Amazon’s Kindle Fire HD – Amazing Value or Exuberant Con?

A little while ago my trusty Lenovo Yoga tablet was destoyed, as was my little LG. I was more than a little gutted. With not much budget to replace them with I bought a 7″ Kindle Fire HD.


When I first turned it on I have to say I was impressed. Great screen with  easy to access functions. There’s all the popular apps available like Facebook, Twitter, Netflix and WordPress in the app store so things started out well. But then when I got to look a little closer, many of the applications I need and in a way would expect from a device like this were unavailable. Gmail, YouTube, Google Drive, Google Keep, Google maps, Google Chrome… Spotted a theme? Yup – no Google!

This wasn’t all – Firefox is not available which is a pin as I use this as my default web browser and all of my favourites an history is synced to it. Then I found out that while I can install Netflix – it doesn’t work! Semi popular apps like Pinterest and StumbleUpon are also not available. So within minutes of unwrapping my sleek new Kindle Fire I feeling a tinge of disappointment. At this point I can hear cries of ‘so what? It’s just Amazon’s operating system right?’

No – this is where we really get to the heart of the issue and here’s why:

Amazon’s Kindle is Android based. That’s right, Amazon has taken Google’s own Android OS, hacked and fettled it to make it their own and in the process have kicked Google off it at the same time. I have to ask myself why this is, does Amazon hate Google? Maybe, but it’s a bit hypocritical to take the stack OS from a company you hate and then use it while locking them out. Or have Amazon wanted to make it their own? I’m not sure on this, in a way this makes Amazon worse than Apple for being technically introverted. The only thing that saves it a bit from this is it’s use of standard USB and Bluetooth. This though is marred by the fact that I can’t see a way to use my Google Chromecast with my Fire HD, which is another disappointment.


For me a clue to what’s going on and in some ways eases the confusion is when the power button is pressed and the standby screen comes on. This is annoying, every time you turn on the Kindle there’s adverts for anything Amazon. Books, Films, special offers, every time there’s something different.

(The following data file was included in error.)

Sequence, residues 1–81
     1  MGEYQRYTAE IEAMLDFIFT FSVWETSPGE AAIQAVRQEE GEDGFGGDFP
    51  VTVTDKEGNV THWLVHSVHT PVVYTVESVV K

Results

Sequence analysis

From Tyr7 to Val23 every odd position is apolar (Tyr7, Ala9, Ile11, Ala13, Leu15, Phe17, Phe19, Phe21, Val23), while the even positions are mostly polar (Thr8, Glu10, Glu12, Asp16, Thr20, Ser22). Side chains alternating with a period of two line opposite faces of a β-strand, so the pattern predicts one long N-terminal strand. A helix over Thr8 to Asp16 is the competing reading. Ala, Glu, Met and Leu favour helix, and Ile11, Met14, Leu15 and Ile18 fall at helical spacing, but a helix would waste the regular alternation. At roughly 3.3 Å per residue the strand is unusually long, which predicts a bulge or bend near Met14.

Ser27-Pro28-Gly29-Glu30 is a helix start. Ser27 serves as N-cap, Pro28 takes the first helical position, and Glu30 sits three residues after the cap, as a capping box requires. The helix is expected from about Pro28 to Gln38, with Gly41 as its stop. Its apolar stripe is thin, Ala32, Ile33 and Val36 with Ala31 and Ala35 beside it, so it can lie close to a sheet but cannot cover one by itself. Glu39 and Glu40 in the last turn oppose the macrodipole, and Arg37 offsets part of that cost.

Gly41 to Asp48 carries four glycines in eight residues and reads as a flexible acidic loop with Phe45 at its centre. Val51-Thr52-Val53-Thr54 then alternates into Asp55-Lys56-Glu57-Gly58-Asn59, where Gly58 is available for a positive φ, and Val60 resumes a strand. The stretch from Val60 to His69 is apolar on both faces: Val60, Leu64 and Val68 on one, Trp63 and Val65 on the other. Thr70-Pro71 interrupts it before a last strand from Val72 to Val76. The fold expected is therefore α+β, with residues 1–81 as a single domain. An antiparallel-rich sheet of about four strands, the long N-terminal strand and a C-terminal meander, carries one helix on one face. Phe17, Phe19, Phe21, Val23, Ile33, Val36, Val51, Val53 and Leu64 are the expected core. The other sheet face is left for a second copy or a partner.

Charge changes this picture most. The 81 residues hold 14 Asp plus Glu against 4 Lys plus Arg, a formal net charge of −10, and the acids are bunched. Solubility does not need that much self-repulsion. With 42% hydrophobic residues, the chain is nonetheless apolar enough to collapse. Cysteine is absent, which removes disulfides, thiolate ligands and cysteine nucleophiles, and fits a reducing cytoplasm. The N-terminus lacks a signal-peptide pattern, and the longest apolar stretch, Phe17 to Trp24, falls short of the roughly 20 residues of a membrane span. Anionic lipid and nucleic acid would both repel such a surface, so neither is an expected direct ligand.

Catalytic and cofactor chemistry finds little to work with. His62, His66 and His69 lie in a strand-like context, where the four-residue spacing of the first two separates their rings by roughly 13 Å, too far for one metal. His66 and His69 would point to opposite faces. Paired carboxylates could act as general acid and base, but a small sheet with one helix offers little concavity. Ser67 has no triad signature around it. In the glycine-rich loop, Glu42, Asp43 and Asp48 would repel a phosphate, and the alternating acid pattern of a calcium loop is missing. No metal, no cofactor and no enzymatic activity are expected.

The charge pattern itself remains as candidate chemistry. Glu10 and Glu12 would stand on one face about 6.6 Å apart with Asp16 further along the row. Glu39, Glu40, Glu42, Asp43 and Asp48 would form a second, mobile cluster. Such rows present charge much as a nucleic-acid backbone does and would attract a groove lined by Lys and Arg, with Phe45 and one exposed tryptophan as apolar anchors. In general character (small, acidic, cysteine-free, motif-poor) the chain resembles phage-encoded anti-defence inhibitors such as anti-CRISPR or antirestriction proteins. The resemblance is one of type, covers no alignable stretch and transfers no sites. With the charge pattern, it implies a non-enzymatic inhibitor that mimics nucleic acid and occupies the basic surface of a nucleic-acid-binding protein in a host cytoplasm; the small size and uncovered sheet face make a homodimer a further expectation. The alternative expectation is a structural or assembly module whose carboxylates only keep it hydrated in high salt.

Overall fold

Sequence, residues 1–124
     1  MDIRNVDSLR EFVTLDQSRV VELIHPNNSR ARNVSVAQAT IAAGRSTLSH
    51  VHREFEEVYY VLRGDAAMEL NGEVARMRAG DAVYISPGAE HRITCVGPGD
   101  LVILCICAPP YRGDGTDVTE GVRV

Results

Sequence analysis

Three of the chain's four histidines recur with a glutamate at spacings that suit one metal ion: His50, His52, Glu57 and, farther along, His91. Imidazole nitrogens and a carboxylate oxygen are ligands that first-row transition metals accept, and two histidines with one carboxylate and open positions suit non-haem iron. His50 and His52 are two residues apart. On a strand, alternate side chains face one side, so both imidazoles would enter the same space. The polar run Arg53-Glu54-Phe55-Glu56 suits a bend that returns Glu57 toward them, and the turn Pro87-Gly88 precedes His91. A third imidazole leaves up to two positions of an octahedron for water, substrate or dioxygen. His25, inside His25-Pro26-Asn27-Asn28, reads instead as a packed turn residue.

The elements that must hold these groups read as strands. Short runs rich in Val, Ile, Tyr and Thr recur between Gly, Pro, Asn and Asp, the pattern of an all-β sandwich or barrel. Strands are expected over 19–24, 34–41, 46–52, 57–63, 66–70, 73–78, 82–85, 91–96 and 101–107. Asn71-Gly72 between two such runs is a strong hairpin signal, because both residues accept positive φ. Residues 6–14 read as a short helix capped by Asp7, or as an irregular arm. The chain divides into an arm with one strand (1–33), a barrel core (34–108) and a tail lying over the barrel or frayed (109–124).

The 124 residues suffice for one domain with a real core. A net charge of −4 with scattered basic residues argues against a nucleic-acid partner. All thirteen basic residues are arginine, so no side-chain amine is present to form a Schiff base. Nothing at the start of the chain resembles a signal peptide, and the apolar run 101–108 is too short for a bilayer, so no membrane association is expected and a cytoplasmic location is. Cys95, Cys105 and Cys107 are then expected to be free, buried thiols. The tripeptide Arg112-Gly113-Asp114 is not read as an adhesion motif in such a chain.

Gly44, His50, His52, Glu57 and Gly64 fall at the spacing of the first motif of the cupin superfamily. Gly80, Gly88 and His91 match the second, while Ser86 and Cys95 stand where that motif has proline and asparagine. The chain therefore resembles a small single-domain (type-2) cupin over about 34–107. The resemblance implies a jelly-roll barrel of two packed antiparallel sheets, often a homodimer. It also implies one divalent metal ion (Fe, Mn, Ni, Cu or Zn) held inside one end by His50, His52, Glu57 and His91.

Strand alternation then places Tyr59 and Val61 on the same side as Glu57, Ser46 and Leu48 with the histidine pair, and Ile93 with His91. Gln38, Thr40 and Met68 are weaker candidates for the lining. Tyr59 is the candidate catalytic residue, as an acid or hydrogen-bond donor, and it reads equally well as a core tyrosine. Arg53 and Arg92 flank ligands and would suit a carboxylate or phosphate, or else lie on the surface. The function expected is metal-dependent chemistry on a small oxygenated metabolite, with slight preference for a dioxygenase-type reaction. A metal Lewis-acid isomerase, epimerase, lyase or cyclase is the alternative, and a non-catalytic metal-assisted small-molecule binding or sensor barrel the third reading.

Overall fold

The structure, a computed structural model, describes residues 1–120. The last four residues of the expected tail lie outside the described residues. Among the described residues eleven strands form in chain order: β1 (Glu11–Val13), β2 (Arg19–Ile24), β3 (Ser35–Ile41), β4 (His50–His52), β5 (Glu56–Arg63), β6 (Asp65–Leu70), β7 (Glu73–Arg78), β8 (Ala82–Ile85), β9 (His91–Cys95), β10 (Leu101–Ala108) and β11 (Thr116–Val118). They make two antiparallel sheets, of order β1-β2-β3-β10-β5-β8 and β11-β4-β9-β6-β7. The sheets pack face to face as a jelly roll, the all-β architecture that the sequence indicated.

What this means though is that whatever else the Fire HD is, primarily it’s a selling platform for good, apps and services. This can also be seem with Amazon’s Fire TV stick where games, token and films come at a pretty heft cost. The touch screen is responsive and it feels like a quality Android 7″ tablet, there doesn’t seem to have been much penny pinching with the build quality over a device that costs twice the price.

When you turn it on for the first time you notice is that Amazon have kindly set up and linked the device to the Amazon account that it was bought from, all of the books, music and films you have bought are instantly available.

The Fire HD works just like any other 7″ tablet and while the different home screens set up by Amazon give it a custom feel you don’t have to dig deep to find the Android roots. The stock web browser that come with it is called Silk – however it’s fooling no one becasue when the user signs into any accounts you the annoying security email comes it clearly thinks that it’s being signed into by Chrome.


The whole thing is still confusing to me, it’s good at what it does, but there’s so much it doesn’t do and does a reduced price tag make up for it? It all depend on how a user looks at it I think – if you’re a cynic that thinks Amazon is trying to get of Google then it’s crap tablet. But if you’re after something to read your books on, browse the internet and get you’re emails, then it’s an incredible e-book reader!

Simon 🙂



24 thoughts on “Amazon’s Kindle Fire HD – Amazing Value or Exuberant Con?

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  1. Print books are best…. sorry, I just had to say that. That being said, I have the Kindle app so I can read my downloaded ebooks on my iPad. That works best for me. I used to have a Nook from Barnes and Noble and I hated how hard it was to get books from sites other than B&N. Sounds like Amazon is doing the same thing with this one.

    Liked by 1 person

  2. I had a look at the fire a little while ago. Specifically trying to help a friend get connected to specific web apps. We failed, though she can connect on Apple and Android phone and tablet.
    As you say – a great e-reader. It’s a lousy tablet equivalent though, compared to my iP:ad and Note 4 phone.

    Liked by 1 person

  3. I have been thinking about getting one (for reading books, not as a tablet) but having adverts would really piss me off if I bought one of these!

    I had my old (lovely) kindle stolen from out of my hands by someone on a bike! 😦 So be careful if you use it outside!!

    Liked by 1 person

    1. The adverts will annoy you – they annoy me if I’m honest. If you want it to just read books then I would get the ordinary e-reader.
      Someone stole it? I’m actually struggling to process that. Sorry to hear it though.

      Liked by 1 person

      1. Yep, I used to walk home while reading. Some knobhead zoomed past on his bike, grabbed it out my hands and pushed me over. 😦

        It was one of the cheap non-touch screen ones. He probably thought it was an expensive tablet. He won’t make any money off it (I bricked it as soon as I got home) but I really miss reading while I walk.

        Liked by 1 person

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